Dodgers lose to Braves on Prado's RBI triple
LOS ANGELES (AP) Matt Kemp had a night he'd like to forget. So did the fans at Dodger Stadium, who saw their team lose at home for the first time this season in eight tries.
Kemp ran himself into outs in the fourth and sixth innings, then got fooled by a drive over his head in the ninth by Martin Prado that hit off Kemp's glove in the warning track for an RBI triple. The Braves won 4-3 Tuesday night after Chipper Jones homered on his 40th birthday.
Tyler Pastornicky greeted Dodgers closer Javy Guerra (1-2) with a leadoff single in the ninth and advanced on a sacrifice by pinch-hitter Jack Wilson. Michael Bourn struck out, but Prado leaned into a 1-2 pitch and the Dodgers' two-time Gold Glove center fielder caught up to it in the warning track - but couldn't hold onto the ball.
"He hit it pretty good and it carried pretty good," Dodgers manager Don Mattingly said. "I know Matt had to go a long way for it. It was a good at-bat by Prado, because Javy made a bunch of good pitches and kept fouling them off."
Kemp has made that kind of play dozens of times, so he was willing to take the blame for not catching this one.
"He's got pop and he drove the ball. I should have caught it," Kemp said. "I was very close. If it hits the glove, it's got to be caught. There are no excuses. You just have to turn the page and get `em tomorrow."
Jones, playing in his 19th and final big league season, was 1 for 3 with a walk in what could have been his last game at Dodger Stadium if the predictions of rain for Wednesday's series prove accurate. After the third inning, the left field video board flashed the message: "Happy birthday Chipper. The Dodgers salute your remarkable career," while organist Nancy Bea Hefley played "Think Of Me" from the musical "Phantom of the Opera."
The seven-time All-Star, whose 457 career homers are the third-most among switch-hitters behind Mickey Mantle and Eddie Murray, hit a towering drive into the Atlanta bullpen in right field on Aaron Harang's first pitch of the fifth to put the Braves on the board. Jones is the fifth player to homer on his 40th birthday, along with Bob Thurman (1957), Joe Morgan (1983), Wade Boggs (1998) and Tony Phillips (1999).
"He threw me a couple of off-speed pitches my first at-bat, and I thought he might challenge me in at some point that second at-bat," said Jones, who has 13 homers at Dodger Stadium. "I got one up and got out in front of it. You've really got to put a charge into one to hit it out of here at night.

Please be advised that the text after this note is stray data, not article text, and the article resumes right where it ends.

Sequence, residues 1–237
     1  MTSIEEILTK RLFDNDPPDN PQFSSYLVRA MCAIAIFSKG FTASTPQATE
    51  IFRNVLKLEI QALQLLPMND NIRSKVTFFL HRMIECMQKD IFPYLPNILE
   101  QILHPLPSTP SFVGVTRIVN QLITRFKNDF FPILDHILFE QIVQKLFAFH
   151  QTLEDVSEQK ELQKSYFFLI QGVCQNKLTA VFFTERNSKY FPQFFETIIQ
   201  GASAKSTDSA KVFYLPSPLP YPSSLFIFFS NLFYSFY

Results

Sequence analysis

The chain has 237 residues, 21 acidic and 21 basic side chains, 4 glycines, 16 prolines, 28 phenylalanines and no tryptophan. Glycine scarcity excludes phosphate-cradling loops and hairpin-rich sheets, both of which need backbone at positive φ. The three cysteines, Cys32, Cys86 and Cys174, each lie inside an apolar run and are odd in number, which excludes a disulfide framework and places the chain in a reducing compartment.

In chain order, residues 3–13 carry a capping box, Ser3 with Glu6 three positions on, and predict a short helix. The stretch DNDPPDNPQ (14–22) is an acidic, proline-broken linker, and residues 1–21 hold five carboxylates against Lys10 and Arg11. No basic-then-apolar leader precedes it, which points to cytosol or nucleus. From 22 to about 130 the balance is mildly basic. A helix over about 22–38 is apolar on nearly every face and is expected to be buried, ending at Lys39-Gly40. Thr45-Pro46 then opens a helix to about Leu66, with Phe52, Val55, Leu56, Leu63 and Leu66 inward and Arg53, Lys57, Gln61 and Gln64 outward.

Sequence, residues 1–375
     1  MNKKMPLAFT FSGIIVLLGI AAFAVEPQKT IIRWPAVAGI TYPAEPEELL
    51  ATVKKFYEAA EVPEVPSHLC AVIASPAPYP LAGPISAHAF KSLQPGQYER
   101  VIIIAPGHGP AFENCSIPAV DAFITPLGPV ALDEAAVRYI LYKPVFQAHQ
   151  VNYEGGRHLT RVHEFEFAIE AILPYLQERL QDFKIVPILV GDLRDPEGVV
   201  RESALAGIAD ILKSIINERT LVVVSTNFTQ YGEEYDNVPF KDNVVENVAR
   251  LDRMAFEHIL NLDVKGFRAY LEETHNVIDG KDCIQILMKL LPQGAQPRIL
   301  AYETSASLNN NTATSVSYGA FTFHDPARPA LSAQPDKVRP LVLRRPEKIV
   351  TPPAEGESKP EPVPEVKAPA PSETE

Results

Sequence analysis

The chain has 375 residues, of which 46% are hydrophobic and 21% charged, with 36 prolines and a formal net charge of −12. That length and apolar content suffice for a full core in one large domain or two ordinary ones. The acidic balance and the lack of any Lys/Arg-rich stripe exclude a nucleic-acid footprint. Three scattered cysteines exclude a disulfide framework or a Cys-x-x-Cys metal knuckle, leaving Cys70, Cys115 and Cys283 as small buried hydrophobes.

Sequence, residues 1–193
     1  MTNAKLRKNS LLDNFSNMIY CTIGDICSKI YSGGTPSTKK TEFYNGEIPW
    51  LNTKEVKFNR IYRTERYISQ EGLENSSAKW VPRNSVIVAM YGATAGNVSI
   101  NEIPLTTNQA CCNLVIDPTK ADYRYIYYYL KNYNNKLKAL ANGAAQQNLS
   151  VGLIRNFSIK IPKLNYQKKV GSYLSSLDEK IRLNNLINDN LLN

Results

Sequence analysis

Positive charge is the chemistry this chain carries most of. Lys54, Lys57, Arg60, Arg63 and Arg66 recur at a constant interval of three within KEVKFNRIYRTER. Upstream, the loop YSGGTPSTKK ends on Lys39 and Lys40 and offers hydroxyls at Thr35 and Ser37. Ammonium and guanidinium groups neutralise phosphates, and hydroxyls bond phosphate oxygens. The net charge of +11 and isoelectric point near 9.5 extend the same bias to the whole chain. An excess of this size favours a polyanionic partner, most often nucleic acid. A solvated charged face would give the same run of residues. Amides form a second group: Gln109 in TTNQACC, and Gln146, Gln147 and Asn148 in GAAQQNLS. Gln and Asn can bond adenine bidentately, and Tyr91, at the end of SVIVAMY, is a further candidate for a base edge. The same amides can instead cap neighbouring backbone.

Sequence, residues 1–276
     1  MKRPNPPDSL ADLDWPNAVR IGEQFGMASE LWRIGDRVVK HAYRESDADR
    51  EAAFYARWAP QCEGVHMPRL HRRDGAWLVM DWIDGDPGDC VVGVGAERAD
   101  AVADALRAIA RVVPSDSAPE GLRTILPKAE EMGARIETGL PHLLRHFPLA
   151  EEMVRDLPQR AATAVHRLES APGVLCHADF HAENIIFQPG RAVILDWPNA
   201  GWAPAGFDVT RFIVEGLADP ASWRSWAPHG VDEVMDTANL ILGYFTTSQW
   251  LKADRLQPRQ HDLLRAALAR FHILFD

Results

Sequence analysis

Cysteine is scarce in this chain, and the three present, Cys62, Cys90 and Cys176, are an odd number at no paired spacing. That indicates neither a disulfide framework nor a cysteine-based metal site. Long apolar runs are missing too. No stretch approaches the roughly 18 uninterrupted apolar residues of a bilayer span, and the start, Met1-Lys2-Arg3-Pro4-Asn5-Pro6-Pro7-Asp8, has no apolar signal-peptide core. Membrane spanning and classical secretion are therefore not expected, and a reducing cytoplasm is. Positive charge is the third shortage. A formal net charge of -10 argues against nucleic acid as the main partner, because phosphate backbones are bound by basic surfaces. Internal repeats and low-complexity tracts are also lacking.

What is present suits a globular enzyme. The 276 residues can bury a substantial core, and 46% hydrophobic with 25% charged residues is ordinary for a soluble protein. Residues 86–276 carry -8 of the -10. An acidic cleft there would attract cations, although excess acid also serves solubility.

"All three of my homers that I've hit this year have been really cool," Jones added. "I hit my first one in my first start in Houston with my parents in the stands, and the second one came in my home opener. And now this one. You always want to do something special on your birthday, and it doesn't get more special than that."
Doing it at Dodger Stadium made the experience even more significant for him.
"This place has always been special to me because I grew up a huge Dodger fan, so this was my Yankee Stadium," Jones said. "My father was from Vero Beach, where they used to train, so I can remember waking up in the mornings before elementary school, and the first thing I would do is turn on the news to see how the Dodgers did. I feel a little different about the Dodgers now than I did back then, obviously, but this is still a special place for me to play and it's still one of the most beautiful ballparks - to this day."
As fate would have it, it was a Dodger who beat out Jones for the NL rookie of the year award in 1995. He finished that season with 23 homers, 86 RBIs and a .265 average. But Hideo Nomo got the nod after going 13-6 with a 2.54 ERA and an NL-best 236 strikeouts.
"I always said I'd gladly trade that rookie of the year award for a World Series, and I got the chance to do that. So there's no hard feelings," Jones said. "I mean, he was a rookie in this league, and this are the rules. Nomo was a great player and he was well-deserving of the award. While he got the writers' vote, I got the players' vote, and that was a big compliment for me that my peers thought that much of my rookie season. So all was not lost."
Juan Rivera gave Los Angeles a 2-0 lead in the first with a two-out homer against lefty Mike Minor that hooked around the left field pole. It made him the 20th player to homer into the Loge deck at Chavez Ravine and the eighth to do it with the Dodgers. The first was Frank Howard in Game 4 of the 1963 World Series against the Yankees' Whitey Ford.
Notes: Rivera left the game with a strained left hamstring after getting an infield single off Minor's leg in the sixth. ... Los Angeles placed RHP Matt Guerrier on the 15-day DL, retroactive to April 19, because of tendinitis in his elbow and recalled LHP Michael Antonini from Triple-A Albuquerque. ... The Dodgers have outscored opponents 19-5 in the first inning.
Updated April 25, 2012